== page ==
Wishful+Spring+ThinkingThe reason I’ve not done many “how to” or tool based workshops is simply because as an initial introduction to I don’t think it works. That said, I’ve done some in the past and do support teachers with just in time learning. I’ll get teachers and administrators asking about blogs. My first response is always “why?”. Without a belief and understanding of how it might help kids, it’s generally a waste of time. Instead I ask them to take a step back, do some lurking, determine what you want to do and then dive in. Backward by design. I’ve just seen my early approach of showing how easy things are to be less than successful. I’ve said it many times, just because it’s easy, doesn’t mean you’ll do it or that it has value.

So I do more of these “big picture” style talks, focusing on shifts, and often leave wondering if I’ve done any good.

Lately I’ve had a number of conversations that tells me maybe I have. One teacher in particular tracked me down in a coffee shop and told me, “I get it! I didn’t get it 2 years ago when you talked about it but now I do!”  She went on to talk about how she uses a wiki to provide learning opportunities for her students, about how their work is public and transparent, how the look after each other and how the learn from each other.  I’m less frustrated, less concerned when teachers are banging down the doors to make shifts in their classrooms simply because I or someone else has presented a compelling idea for change. For many these talks and presentations need time to sit and stew.

They are seeing the shifts all around them as well. Whether it’s network news talking about the impact of twitter on election coverage or simply their own experience connecting and posting content on Facebook, teachers are beginning to see how these things might impact their classrooms.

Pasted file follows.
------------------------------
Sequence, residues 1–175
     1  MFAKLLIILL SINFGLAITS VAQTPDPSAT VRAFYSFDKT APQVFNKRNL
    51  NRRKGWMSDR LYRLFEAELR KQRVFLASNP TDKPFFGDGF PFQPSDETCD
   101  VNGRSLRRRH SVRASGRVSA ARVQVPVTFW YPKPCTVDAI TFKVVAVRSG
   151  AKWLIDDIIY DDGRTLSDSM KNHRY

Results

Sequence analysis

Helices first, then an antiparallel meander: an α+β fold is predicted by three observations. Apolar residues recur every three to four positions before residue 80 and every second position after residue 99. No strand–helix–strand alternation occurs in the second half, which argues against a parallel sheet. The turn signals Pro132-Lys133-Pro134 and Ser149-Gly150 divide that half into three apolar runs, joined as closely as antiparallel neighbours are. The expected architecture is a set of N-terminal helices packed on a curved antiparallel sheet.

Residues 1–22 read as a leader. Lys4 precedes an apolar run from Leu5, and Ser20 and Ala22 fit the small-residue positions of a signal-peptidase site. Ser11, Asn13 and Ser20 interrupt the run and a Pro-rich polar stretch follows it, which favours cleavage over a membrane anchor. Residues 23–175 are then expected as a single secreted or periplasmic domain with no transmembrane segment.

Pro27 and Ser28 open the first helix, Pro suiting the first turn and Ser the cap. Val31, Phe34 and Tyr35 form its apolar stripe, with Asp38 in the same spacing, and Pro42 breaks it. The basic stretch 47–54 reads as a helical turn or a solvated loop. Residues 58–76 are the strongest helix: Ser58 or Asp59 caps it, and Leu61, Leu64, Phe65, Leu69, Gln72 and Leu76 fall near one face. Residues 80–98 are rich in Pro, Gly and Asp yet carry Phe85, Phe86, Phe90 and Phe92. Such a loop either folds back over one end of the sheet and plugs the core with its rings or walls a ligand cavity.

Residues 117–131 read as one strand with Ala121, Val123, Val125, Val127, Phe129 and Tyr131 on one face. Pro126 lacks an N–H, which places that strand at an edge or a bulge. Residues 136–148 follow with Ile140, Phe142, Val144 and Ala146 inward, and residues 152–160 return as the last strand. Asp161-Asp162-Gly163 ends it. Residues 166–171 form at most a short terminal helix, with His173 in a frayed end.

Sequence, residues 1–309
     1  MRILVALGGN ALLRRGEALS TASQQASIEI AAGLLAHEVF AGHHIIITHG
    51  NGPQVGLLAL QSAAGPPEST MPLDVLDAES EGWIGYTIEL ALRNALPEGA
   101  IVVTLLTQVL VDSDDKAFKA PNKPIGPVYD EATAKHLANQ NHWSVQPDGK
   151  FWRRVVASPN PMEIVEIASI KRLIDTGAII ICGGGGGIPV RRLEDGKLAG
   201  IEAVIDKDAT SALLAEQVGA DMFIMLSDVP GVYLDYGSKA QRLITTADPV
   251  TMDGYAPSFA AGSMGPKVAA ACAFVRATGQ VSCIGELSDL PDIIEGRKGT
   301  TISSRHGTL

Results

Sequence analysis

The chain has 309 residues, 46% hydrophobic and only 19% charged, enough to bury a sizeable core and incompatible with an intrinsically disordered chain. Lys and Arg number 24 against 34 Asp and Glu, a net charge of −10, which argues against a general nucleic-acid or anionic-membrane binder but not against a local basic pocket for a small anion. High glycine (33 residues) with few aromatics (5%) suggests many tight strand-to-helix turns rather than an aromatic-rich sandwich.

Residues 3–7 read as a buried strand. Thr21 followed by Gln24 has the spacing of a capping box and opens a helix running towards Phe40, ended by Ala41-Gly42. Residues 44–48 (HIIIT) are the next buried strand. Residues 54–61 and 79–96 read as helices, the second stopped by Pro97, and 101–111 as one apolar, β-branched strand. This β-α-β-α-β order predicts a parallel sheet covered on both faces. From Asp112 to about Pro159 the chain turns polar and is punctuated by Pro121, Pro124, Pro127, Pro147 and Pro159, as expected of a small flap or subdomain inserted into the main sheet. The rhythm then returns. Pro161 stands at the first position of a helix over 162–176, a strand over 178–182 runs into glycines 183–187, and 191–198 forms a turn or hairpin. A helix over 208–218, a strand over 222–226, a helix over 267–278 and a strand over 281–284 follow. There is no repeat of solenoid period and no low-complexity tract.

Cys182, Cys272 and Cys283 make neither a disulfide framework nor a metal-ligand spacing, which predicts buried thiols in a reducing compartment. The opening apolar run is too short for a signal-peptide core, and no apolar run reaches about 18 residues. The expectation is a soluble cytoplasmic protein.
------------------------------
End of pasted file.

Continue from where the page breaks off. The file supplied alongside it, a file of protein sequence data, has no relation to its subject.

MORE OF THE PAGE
So if you’re out there and feel like you’re a voice in the wilderness, take heart, you’re seed planting.

Image: ‘Planting Seeds

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Connecting the World

A teacher asked me if I would be able to connect her to some people who could talk about where they are from and how they use wireless technology in their work and their lives.  You don’t have to ask me twice.

One email later to three people and the deal was done. Lee Kolbert was gracious enough to let us use their Adobe Connect as a platform which proved to suit our situation well. Tom Barrett would be able to chime in from England and Tim Lauer would have to grab an early Starbucks but was ready by 7:30.

Students asked questions, we gave some answers. Easy squeezy.

This is how classrooms ought to look. Learning from people.

If you generally think of the Internet as a place to look up stuff, you’re missing the best part.

This is not just about “wow is this ever cool”. This is about learning. Learning from someone who:

  • has a lemon tree and grows lemons
  • can see Mount St. Helens
  • lives in the city famous for Robin Hood

Do you see how this might make a difference in classrooms? Is there some potential here? Those of you who do this everyday in your classrooms know exactly what I’m talking about. 

This is my first attempt to do anything beyond a few basic edits in iMovie 08. It captures about 5 minutes of the 30 minute conversation. (the video may not be processed, if you’re one of the early viewers of the post)